Such relatively large private gifts were not the only source of money for freeing Spaniards. After receiving government permission, individual citizens also ransomed members of their families who had been taken captive. In addition, all people drawing up wills in colonial Río de la Plata donated at least two reales to the Fund for the Redemption of Captives, one of the mandas forzasas originally envisioned to aid in freeing captives in the Holy Land. In the Río de la Plata this money was used to ransom local people.

Indians were not the only ones to take captives. Spanish officials were not averse to holding Indians as hostages in an attempt to coerce local tribes. After learning of an Indian raid in 1582, for example, Pedro de Segura, corregidor of Tomina, held hostage a group of Avá-Chiriguano chiefs who had come to visit.16 It is also clear that throughout the Río de la Plata many Indians whom the Spanish managed to capture in battle were enslaved. In 1750, the Jesuit Andreu mentioned a government official in Salta who had captured some Indian children and was selling them for 100 pesos apiece. In addition, Indians held in prison by Spanish authorities or working in religious institutions or private homes in Spanish towns and cities commonly believed themselves to be captives of the Spaniards. The fine distinctions between captivity and imprisonment or between captivity and Christianization escaped many Indians.17 From time to time, captives were exchanged. In 1783 Pedro Pablo Maldonado was sent to the Luján fort by his Indian captors to deliver a message offering to exchange two Christians for two specific Indians. If the exchange were effected, the Indians would consider it a sign of peace, but if the Spaniards failed to release these two captives, the Spaniards would be attacked when they made their yearly visit to the Salinas salt flats.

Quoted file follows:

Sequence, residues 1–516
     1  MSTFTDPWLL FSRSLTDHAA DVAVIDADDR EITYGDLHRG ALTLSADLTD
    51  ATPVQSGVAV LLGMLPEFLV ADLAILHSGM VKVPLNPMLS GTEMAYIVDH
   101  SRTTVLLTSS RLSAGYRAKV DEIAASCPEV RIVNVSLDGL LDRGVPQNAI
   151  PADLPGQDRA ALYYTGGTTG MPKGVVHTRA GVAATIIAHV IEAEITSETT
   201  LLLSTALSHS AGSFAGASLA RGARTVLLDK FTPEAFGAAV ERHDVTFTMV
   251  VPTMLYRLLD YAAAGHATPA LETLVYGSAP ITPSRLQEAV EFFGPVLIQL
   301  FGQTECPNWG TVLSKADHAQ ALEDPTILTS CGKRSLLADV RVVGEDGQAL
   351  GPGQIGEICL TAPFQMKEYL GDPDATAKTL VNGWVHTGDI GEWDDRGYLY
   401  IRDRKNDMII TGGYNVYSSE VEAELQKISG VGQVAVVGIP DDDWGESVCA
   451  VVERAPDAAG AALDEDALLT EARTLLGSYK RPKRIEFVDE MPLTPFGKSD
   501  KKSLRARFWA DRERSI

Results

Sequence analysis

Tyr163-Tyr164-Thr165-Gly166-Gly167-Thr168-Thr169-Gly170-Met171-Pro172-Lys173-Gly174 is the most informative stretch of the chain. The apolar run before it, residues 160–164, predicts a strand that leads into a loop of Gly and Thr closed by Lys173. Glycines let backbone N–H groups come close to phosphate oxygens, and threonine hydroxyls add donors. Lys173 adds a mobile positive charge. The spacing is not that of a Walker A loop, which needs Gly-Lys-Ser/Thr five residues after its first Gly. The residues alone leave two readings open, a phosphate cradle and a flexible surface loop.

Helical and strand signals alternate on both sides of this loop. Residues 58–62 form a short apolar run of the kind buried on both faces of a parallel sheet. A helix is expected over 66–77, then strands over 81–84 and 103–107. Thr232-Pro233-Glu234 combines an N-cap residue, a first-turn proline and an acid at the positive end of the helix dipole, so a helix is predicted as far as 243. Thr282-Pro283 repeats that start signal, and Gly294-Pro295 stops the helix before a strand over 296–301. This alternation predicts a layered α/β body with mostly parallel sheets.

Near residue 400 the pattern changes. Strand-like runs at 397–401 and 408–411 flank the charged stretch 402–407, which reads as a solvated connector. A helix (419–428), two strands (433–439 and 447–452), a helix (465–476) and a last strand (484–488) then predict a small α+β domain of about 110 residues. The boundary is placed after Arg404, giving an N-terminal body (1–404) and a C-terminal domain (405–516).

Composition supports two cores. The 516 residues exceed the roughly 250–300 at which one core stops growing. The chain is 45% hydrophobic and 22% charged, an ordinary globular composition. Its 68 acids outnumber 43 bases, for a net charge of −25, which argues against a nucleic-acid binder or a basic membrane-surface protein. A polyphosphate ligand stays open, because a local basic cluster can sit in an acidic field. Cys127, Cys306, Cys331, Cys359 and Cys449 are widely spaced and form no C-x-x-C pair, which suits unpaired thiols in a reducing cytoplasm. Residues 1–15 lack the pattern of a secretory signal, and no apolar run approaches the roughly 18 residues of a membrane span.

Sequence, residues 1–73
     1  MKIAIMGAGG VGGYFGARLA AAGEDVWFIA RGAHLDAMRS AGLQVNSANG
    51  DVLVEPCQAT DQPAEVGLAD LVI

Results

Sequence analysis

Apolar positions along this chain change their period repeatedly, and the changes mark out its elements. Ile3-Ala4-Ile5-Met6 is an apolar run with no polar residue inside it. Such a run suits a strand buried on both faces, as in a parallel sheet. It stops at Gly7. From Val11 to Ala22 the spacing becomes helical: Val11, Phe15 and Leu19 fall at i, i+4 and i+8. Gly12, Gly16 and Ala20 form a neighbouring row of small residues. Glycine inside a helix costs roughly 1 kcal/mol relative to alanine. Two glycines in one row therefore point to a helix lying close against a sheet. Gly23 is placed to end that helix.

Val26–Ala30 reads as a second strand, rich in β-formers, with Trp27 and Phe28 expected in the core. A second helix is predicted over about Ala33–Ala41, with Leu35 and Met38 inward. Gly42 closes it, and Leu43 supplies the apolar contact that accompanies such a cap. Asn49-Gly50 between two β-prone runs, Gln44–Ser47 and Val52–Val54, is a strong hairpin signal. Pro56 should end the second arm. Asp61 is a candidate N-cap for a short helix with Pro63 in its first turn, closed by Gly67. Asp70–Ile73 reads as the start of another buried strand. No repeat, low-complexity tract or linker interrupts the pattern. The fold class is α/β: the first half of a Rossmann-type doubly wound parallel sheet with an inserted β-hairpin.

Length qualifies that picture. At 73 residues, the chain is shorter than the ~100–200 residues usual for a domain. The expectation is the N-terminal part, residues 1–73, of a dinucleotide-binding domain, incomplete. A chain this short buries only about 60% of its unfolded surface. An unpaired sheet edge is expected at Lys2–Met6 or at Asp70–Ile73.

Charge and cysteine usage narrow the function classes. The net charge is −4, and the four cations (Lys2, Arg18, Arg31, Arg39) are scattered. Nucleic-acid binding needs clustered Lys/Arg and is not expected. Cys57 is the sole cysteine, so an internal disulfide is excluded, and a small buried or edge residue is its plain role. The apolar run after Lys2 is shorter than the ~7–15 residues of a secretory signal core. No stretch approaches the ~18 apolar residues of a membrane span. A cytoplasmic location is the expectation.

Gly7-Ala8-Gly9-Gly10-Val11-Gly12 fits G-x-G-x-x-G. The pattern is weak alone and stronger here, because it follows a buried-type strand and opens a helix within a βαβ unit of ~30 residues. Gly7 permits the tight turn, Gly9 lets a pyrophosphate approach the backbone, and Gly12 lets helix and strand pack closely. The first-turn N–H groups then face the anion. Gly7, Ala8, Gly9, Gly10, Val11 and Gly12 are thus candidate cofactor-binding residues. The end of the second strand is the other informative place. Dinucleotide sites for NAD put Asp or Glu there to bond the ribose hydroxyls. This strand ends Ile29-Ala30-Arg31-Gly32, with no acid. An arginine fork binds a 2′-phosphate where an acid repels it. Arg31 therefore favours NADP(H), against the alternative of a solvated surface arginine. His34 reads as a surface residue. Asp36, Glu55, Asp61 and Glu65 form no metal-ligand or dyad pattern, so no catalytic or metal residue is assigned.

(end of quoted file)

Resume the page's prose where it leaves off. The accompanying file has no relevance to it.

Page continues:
Spanish society probably took captives as booty, for profit, and to teach a lesson to those whom they considered “heathen savages.”18 Although the Spanish colony often suffered from a scarcity of labor, Indian slaves were too few in number and too intractable to offer a viable solution to Spanish society. Indian societies probably took captives for profit, to gain a medium of exchange with other Indian groups and the Spanish, and to increase their labor force. Adult male captives were often enslaved, or at least thought of themselves as being in some type of serfdom. In the surviving captivity declarations, both men and women refer to their “amo,” their Indian master.

Surviving documents further attest to the use of the captives, especially children, as a medium of exchange or as goods to be bought, sold, or bartered.19 In 1790, for example, the Auca Indians approached the small Spanish garrison in Patagonia offering to trade “a girl aged 4 or 5, daughter of Christians,” for “aguardiente, flannel baize, yerba, yellow tin foil, shaving bowls, and other goods.” The government responded by supplying blue glass beads, baize, little mirrors, small bells, ribbons of various colors, and blue woolen stuff from the royal warehouse, and purchasing aguardiente, hats, spurs, bridles, small tin basins, thimbles, large rings for reins, tobacco, yerba, and dried figs for the Indians. The entire shipment, worth 295 pesos 6 reales, was dispatched south, while funds to cover this expense were transferred from the Fund for the Redemption of Captives to the War Department. Preparations were also made to receive the child in the Buenos Aires orphanage while waiting to see if her parents or any relative claimed her. Although the government warned against “having captivity become a branch of commerce,” that, in part, is what it had always been. The very fact that the Royal Warehouse stocked such items as glass beads and small bells attests to an ongoing trade fueled by the ransoming of Spanish captives. In addition, captives were occasionally used in intertribal trade; Pampas Indians, who did not themselves practice formal bondage, provided the Araucanians with slaves.20 Captives, ransomed back to the Spaniards or exchanged between aboriginal groups, provided a medium of exchange for Indian commerce.